Five years post Eurozone stumble should you back Greek bonds

Five years post Eurozone stumble should you back Greek bonds

Investors are weighing up their options after Greece unveiled plans to issue a new benchmark five-year bond, five years since the future of the European project was in doubt.

If you cast your mind back to July 2012, as peripheral countries saw their borrowing costs skyrocket and Greece, Ireland and Spain had to apply for bailouts. 

European banks were caught in the eye of the storm as markets questioned their liquidity and balance sheet strength. 

Investors began to worry that the single currency could crumble, and rumours of redenomination abounded.

So, what should advisers and their clients make of the decision five-years on from the Eurozone being on the brink of collapse of the Greek government’s decision to launch a bond/

Nicholas Wall, portfolio manager of Old Mutual Global Strategic Bond fund, said changes in the European political landscape, together with recent strong economic data, mean the bond should perform well.

Mr Wall said: “When deciding whether to invest in Greece, or any other European country that has found itself in difficulty amid the debt crisis, investors are ultimately making a call on European politics. Arguably, the market priced in too much European political risk premia at the start of the year.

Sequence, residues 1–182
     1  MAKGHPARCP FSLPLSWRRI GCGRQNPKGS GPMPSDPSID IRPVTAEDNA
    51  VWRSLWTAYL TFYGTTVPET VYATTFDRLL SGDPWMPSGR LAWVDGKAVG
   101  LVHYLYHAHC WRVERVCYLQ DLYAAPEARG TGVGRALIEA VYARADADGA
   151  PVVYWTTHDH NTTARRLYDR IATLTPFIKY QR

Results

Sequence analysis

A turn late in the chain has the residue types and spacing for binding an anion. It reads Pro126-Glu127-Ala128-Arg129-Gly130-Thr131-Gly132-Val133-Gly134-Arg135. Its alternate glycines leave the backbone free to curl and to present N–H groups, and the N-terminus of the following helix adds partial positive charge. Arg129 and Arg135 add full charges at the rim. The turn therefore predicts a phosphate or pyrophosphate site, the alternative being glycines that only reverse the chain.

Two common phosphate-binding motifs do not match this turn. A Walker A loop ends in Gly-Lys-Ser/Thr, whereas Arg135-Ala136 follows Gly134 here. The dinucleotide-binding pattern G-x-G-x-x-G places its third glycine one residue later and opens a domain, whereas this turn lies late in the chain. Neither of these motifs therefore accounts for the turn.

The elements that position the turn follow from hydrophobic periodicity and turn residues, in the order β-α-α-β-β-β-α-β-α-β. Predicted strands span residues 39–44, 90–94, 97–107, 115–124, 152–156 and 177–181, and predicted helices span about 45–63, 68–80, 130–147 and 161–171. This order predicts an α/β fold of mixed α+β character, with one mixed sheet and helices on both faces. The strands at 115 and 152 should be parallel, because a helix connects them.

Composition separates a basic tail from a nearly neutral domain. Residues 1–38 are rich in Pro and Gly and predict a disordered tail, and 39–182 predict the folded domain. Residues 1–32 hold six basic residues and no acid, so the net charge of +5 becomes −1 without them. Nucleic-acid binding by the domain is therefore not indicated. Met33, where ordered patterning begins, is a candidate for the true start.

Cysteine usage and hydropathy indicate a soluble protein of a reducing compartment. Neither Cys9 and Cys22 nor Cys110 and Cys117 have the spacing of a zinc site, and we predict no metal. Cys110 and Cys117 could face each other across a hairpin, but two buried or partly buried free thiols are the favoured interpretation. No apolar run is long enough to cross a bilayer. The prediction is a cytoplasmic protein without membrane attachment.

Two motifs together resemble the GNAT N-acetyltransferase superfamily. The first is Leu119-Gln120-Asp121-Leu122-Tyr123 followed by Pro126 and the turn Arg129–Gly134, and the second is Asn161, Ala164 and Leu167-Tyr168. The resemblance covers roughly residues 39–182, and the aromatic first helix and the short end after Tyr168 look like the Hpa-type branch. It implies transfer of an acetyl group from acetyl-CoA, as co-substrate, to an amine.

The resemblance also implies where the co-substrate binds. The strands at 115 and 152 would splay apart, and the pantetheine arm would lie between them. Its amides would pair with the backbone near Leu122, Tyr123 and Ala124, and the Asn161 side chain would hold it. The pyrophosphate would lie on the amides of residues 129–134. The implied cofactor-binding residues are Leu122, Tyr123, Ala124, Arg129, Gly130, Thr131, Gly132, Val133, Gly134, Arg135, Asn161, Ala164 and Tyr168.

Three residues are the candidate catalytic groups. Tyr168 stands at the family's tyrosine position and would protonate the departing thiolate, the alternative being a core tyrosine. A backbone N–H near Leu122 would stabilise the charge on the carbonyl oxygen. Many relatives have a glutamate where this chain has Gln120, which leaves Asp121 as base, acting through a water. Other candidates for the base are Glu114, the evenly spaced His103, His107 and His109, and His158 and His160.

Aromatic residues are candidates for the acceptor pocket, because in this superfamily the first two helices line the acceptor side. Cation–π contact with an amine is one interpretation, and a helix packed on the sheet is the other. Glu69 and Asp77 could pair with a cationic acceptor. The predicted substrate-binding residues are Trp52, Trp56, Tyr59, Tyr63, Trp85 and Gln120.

“Today, European solidarity appears higher than it has been at any time since the Brexit vote (indeed, to some degree, Brexit has united European politicians).

"This is helped enormously by the positive-growth environment seen in most European countries. Political discontent tends to fade as unemployment drops and wages improve.”

On the Greek side, the ruling Syriza party has found itself far behind centre-right New Democracy in the polls. 

Anger and protest are no longer translating into votes, so Syriza is now hoping for a quick resolution to the debt-relief negotiations and an upswing in growth before general elections, scheduled for late 2019. 

A snap election now is not in its interest.

Mr Wall said: “There are signs that the growth outlook is turning a corner and broadening. Tourism is booming, while year-on-year industrial production is growing at a rate of over 5 per cent. 

“Even more encouraging is that unemployment is dropping, raising aggregate real incomes, and as a result the Greek consumer is becoming more confident – retail sales are up 4.6 per cent, year-on-year. 

“Lastly, the scale of austerity that the Greek government needs to undertake has fallen, adding a further tailwind to growth. So Greece’s growth revival can continue, in our view.”

The main risk lies with a disagreement between the International Monetary Fund (IMF) and Greece’s European creditors about the nature of debt relief for the Aegean state, Mr Wall warned. 

But James Yardley, senior research analyst at Chelsea, said it was generally “a good sign for both Greece and eurozone” that the bond was being launched at all.